Golden State Warriors center DeMarcus Cousins (0) looks back to the ref looking for a foul during a loose ball rebound during the first quarter of Game 3 of the 2019 NBA Finals against the Toronto Raptors on June 5, 2019 at Oracle Arena in Oakland, California. (Chris Victorio | Special to S.F. Examiner)

Golden State Warriors center DeMarcus Cousins (0) looks back to the ref looking for a foul during a loose ball rebound during the first quarter of Game 3 of the 2019 NBA Finals against the Toronto Raptors on June 5, 2019 at Oracle Arena in Oakland, California. (Chris Victorio | Special to S.F. Examiner)

Cousins takes step back in Game 3 of NBA Finals

DeMarcus Cousins, now faced with more playing time with an injury to Kevon Looney, regressed

OAKLAND — In the NBA Finals, a matchup with the likes of Toronto’s Marc Gasol is exactly why Golden State signed DeMarcus Cousins to a mid-level exception this summer. Apart from David West, they’d never had a true center to deal with the lumbering big men of the league, and certainly not a dominant, four-time All-Star.

Even missing more than half the season as he recovered from a ruptured Achilles, Cousins’ signing was seen as worthwhile, given what he could give them down the stretch and in the playoffs.

With the Warriors center rotation shortened by loss of Kevon Looney in Game 2, Cousins has had to take on a much larger role than perhaps he otherwise would had coming off of near seven-week rehab from a torn quad. In Game 2 he exceeded those expectation but in Game 3 he fell short.

“It’s frustrating but it’s onto the next play,” Cousins said after several controversial calls, just four points in 19 minutes on the floor, two assists and three rebounds to three turnovers. “We had a lot of opportunities, plenty of opportunities tonight but they didn’t go our way.”

In the days leading up to Game 3, the first game of these Finals played at Oracle Arena, much was made of the absence of Warriors forward Kevin Durant and potential loss of Klay Thompson, who suffered a strained hamstring late in Game 2.

What may have slipped through the cracks, however was Looney’s non-displaced first costal cartilage fracture. The result, as seen in the fourth quarter of Game 2, was extended minutes for Golden State’s remaining centers, including Cousins.

Looney had been one of Golden State’s best playoff reserves, ranking seventh among all postseason players when he went down in total plus-minus (plus-105) and third on the team, behind Draymond Green and Stephen Curry.

For Cousins, who in Game 1 had made his first in-game appearance since tearing his left quadricep in the first round against the Clippers, it was a much heavier workload than originally expected, especially since there was serious doubt that he’d even be able to return at all this postseason.

Tasked with keeping the Warriors afloat in Game 2, Cousins responded with 11 points, 10 rebounds and six assists in 28 minutes, which was much higher than the 20-minute restriction Kerr and the rest of the training staff initially expected.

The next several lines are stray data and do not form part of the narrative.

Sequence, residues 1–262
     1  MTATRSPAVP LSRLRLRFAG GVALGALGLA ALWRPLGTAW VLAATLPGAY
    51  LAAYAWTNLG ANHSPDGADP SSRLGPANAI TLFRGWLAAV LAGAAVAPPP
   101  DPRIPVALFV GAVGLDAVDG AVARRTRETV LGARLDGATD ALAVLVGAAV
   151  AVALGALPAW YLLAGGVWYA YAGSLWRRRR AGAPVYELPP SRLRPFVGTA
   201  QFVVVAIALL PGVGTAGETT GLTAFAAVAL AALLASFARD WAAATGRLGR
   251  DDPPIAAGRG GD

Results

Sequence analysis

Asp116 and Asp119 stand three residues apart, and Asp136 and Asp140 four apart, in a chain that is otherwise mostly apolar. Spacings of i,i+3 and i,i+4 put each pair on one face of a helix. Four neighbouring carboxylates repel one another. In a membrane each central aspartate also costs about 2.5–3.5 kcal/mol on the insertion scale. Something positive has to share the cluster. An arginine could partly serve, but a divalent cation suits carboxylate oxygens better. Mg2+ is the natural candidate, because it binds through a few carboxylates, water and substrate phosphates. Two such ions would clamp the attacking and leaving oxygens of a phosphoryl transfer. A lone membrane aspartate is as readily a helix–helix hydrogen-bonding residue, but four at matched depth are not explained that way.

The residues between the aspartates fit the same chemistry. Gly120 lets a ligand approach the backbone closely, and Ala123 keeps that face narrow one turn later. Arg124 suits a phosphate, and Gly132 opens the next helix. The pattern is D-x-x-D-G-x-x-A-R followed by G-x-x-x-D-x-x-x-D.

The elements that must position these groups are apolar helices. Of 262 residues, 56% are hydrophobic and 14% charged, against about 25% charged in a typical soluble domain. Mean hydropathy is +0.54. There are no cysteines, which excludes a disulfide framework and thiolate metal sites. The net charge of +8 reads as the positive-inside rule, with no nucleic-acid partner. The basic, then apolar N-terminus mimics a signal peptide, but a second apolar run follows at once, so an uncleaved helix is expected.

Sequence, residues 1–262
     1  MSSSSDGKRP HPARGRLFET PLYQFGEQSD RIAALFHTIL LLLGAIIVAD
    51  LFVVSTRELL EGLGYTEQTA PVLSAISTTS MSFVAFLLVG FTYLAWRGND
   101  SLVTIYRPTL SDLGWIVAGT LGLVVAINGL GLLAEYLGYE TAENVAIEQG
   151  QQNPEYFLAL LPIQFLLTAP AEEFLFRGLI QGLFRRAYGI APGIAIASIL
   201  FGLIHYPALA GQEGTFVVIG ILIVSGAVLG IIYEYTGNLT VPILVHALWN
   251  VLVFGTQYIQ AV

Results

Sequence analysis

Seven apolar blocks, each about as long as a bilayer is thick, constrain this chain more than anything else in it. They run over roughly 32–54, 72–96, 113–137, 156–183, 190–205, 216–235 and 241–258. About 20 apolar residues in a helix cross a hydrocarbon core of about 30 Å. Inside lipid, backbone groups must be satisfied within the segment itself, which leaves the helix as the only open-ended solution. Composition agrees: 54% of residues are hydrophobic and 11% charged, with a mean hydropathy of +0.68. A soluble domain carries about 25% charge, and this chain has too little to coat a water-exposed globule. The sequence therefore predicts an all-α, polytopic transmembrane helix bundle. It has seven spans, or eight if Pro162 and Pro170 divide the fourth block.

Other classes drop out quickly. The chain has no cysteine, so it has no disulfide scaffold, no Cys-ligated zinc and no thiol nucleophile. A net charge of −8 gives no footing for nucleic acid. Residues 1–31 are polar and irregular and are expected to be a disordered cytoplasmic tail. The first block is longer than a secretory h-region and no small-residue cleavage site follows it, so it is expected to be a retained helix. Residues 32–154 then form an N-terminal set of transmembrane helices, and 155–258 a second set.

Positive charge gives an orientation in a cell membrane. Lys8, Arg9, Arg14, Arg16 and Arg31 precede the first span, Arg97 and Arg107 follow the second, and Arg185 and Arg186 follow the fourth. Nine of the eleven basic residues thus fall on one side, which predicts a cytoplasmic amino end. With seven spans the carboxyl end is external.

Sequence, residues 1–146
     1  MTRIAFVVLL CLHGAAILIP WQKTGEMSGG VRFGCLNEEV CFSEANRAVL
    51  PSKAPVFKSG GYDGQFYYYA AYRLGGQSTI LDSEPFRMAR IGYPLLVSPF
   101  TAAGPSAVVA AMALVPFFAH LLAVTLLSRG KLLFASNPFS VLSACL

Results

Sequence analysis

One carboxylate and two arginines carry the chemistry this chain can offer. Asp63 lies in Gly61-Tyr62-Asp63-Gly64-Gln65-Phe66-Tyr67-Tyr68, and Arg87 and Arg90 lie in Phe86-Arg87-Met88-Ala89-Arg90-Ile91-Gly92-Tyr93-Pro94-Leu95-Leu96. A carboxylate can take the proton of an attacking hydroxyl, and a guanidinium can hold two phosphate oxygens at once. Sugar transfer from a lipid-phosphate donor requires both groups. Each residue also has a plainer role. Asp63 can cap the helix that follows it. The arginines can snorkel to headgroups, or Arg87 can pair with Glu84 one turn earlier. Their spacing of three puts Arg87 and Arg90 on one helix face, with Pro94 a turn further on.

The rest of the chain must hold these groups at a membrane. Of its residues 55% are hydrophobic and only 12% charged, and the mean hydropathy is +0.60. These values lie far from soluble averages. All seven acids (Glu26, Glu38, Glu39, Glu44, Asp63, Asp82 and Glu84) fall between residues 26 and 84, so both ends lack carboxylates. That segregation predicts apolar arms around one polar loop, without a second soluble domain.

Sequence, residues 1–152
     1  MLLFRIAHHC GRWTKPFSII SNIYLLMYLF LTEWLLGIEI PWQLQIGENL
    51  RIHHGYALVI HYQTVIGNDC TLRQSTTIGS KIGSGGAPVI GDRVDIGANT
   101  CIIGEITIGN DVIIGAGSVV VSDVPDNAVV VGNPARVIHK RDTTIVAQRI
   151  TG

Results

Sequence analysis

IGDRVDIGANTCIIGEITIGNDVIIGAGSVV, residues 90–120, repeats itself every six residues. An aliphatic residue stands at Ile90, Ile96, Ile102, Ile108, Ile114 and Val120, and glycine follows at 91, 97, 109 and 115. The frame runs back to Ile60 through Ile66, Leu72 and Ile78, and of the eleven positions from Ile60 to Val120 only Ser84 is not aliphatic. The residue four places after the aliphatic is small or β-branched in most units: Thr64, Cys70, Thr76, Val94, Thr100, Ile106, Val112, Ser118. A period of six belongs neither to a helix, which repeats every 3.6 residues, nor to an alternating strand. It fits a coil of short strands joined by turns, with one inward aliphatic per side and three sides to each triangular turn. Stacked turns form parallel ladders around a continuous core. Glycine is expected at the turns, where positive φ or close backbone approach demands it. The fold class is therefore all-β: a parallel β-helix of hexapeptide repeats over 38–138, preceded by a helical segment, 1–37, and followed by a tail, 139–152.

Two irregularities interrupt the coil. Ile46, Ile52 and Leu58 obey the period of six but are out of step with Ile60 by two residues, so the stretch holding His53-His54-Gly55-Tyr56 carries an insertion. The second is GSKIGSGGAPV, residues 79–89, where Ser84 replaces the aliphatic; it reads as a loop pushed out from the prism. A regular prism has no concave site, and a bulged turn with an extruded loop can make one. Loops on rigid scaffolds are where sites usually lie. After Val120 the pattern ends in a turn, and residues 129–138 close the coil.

Just three days later, Cousins looked like a different player. Lacking the lateral quickness and physical presence required to help the Warriors steal a win with an undermanned squad, Cousins regressed.

“We had one of those type of nights,” Cousins said. “We weren’t on the string that we usually are and they got it going on the other end. It gave them confidence.”

To begin the night, Toronto looked to exploit the still-recovering Cousins, particularly on the low block, somewhere Looney excelled, and somewhere where the more-athletic Jordan Bell, the smaller Jonas Jerebko and the undersized Draymond Green struggle. Damian Jones — back from a torn pectoral — has barely played, and registerred only 1:37 of garbage time in Game 3 without recording any stats.

Bell played nine minutes and had just two points and two rebounds. Jerebko played nearly 10 minutes and went 1-for-6 with two boards. Andrew Bogut looked to be the best of the bunch, playing 21 minutes, pulling down seven rebounds and going 3-of-4 shooting.

The Raptors fed their back-to-the-basket center Marc Gasol, who used his 7-foot-1 frame to bully Cousins. Their strategy worked, as Gasol scored six of Toronto’s first 19 points, drawing a pair of fouls from Cousins in the process.

It wasn’t only Cousins’ defensive game that left Golden State wonting. Cousins’ offense was off, too. After shooting almost 40% from the field in Game 2, Cousins finished Game 3 just 1-for-7 from the floor.

“It was a rough go in terms of when he had the ball in his hands,” Curry said. “There were some calls that were a little iffy, honestly, in terms of him not being aggressive in the paint and not being able to finish for a lot of different reasons.”

Part of what kept Cousins from being able to finish at the rim was his inability to jump well and get more than a few inches off of the ground, which looked to be a direct product of his still ongoing rehabilitation from the quad.

To make matters worse, Golden State finished with just three players in double digits scoring — Stephen Curry (47), Draymond Green (17) and Andre Iguodala (11) — so an extra producer was much needed, especially with Thompson and Durant out of the mix. With both are likely to play in Game 4 on Friday, meaning there will be less pressure on Cousins.

“Like any great player, if you have a rough game, that resiliency to bounce back and the confidence to know that you can still go out there and impact the game,” Curry said. “That’s something that he’ll bring and we all will follow suit for sure.”


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